An asbestos management inspection is the foundation of any facility asbestos management program. There are three general types of asbestos inspections: Limited, Management, and Project Design.
An example of the limited inspection is the collection of a few screening samples of major building systems conducted as part of a financial transaction., or limited sampling for a small renovation project.
A Management Inspection, such as a school AHERA inspection, identifies and maps all accessible suspect materials. AHERA limits its scope to interior space, so exterior materials may not be identifiable. The suspect materials are sampled to determine asbestos content or may be assumed to be asbestos containing material (ACM, >1% asbestos), depending on the needs of the facility owner or manager. Materials that may receive damage from sampling such as decorative surfaces or intact pipe coverings will often be assumed. Hidden materials not available to access by building occupants will not be part of sampling in a management inspection.
Project design inspections will be done before renovations or demolitions. This asbestos inspection will generally have more extensive sampling of materials that will be disturbed as part of the project, including accessing hidden materials inside walls, etc. It will often have more precise quantification of materials required for preparation of quality bid documents.
An accredited inspector must conduct asbestos inspections in most structures. In many states the inspector must have a state license. In some states, the inspector's employer must have state licensing and meet other requirements.
The EPA AHERA school asbestos management rules require a re-inspection every three years, limited to previously identified asbestos containing materials. The inherent shortcomings of the rule as written include perpetuating errors made in the original inspection, which have proven to be incomplete in a significant number of cases. OSHA cites a study of over 700 school AHERA inspections. This study found that over 30% of the friable surfacing was missing from the initial inspection. The reinspection also ignores the potential addition of new asbestos containing materials. Until the United States adopts a comprehensive ban this will remain a possibility. The Management Planner must review AHERA inspections and re-inspections.
AHERA also requires a review of the condition of the identified ACM every 6 months, called periodic surveillance. There are no federally specified qualifications for the staff person conducting the periodic surveillance.
The most commonly used inspection protocol is based on the AHERA sampling requirements. OSHA asbestos rules cites AHERA protocols. ASTM has also published a protocol. A few states, including Texas and Hawaii, have additional requirements.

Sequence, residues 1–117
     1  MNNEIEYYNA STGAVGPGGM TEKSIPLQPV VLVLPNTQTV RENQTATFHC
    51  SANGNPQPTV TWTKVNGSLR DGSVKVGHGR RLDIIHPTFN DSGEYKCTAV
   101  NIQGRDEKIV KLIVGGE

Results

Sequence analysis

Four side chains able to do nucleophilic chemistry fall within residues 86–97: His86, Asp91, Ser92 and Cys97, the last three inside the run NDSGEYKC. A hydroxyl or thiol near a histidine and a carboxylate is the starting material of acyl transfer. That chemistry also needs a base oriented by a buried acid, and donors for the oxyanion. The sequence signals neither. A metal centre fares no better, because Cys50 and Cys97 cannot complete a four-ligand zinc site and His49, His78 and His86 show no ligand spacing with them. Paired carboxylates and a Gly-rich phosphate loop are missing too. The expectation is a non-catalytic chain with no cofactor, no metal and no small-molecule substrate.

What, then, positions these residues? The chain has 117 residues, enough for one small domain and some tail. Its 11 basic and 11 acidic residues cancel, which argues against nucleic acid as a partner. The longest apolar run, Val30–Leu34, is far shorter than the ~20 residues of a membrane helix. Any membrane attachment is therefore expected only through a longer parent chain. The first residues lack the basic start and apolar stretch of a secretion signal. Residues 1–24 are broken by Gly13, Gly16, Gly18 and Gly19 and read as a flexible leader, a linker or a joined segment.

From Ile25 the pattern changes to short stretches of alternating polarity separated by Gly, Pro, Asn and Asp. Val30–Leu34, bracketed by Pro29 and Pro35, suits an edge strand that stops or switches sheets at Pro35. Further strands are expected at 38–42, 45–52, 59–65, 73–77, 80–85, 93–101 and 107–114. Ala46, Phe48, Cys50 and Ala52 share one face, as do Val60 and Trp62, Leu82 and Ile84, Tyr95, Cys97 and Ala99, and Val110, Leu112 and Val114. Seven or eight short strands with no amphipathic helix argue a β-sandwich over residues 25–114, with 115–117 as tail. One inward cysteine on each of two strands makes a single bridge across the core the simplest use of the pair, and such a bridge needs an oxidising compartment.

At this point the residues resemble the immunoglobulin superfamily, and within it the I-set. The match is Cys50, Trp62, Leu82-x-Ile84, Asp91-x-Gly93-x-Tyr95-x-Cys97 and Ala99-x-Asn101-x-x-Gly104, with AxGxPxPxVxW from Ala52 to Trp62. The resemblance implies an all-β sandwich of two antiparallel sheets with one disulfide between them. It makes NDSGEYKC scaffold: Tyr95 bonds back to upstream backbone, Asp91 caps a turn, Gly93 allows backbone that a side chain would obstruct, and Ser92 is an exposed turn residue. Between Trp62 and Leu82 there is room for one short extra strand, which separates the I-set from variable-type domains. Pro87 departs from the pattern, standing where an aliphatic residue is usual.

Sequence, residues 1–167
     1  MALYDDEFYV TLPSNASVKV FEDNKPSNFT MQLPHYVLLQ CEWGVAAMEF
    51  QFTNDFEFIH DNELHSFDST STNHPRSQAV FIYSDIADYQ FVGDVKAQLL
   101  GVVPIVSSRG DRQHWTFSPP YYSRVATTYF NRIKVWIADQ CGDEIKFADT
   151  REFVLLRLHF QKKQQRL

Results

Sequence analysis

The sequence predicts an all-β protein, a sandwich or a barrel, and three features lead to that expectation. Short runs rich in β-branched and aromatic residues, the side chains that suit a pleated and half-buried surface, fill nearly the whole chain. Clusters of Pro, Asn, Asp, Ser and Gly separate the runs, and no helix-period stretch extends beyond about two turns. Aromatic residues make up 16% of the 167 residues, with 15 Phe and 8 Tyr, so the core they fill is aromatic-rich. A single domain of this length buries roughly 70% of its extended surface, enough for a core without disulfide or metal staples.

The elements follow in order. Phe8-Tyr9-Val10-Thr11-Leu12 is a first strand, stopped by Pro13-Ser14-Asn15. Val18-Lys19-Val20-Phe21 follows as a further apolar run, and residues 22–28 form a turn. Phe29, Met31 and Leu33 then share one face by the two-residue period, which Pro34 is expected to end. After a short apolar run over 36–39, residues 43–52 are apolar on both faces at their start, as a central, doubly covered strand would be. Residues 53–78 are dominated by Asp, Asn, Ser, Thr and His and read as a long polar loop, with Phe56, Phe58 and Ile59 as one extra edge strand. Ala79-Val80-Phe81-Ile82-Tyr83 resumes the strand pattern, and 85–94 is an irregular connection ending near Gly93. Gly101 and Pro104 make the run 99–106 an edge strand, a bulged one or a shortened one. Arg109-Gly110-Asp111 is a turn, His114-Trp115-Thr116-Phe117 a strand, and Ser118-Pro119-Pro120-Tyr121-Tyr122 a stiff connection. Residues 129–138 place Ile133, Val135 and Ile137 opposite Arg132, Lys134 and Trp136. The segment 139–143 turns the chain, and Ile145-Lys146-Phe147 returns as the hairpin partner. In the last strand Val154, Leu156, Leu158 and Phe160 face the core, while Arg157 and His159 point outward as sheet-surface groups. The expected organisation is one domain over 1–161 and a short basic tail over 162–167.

Asbestos sample analysis is by polarized light microscopy (PLM, 400X magnification). EPA specifically recommends follow up of negative floor tile results with transmission electron microscopy (TEM, 20,000 magnification). Additionally, some states require TEM follow up on all negative floor tile and other nonfriable organically bound (NOB) materials like mastics, caulks, and adhesives. Laboratories performing asbestos analysis for AHERA must successfully participate in the National Voluntary Accreditation Program (NVLAP).
OSHA additionally recognizes the laboratory accreditation program of the American Industrial Hygiene Association (AIHA). EPA NESHAP allows a quantitative method called point counting if the visual percentage estimate of the standard PLM protocol is less than 10%. Point counting proves the material is less than 1% asbestos which in turn means it will not fall under regulation. Even if there is less than 1% of asbestos in a material, OSHA will still regulate it.
The asbestos management inspection serves as the basis for OSHA and AHERA required labeling and signage. It provides required information for employee hazard communications programs, and housekeeping and maintenance worker annual training. OSHA requires inter-employer project related notifications of presence, location, and quantity of asbestos in project areas. AHERA requires a program of asbestos location notification to outside contractors.
A project design inspection serves as the basis of regulatory agency project notifications required by EPA NESHAP for demolitions and renovations, and more stringent notifications of many state and local asbestos programs.
META Consulting LLC inspectors and Management Planners maintain licenses in several states, and are eligible for licensing in many others as needed. META provides asbestos inspection and management planning services.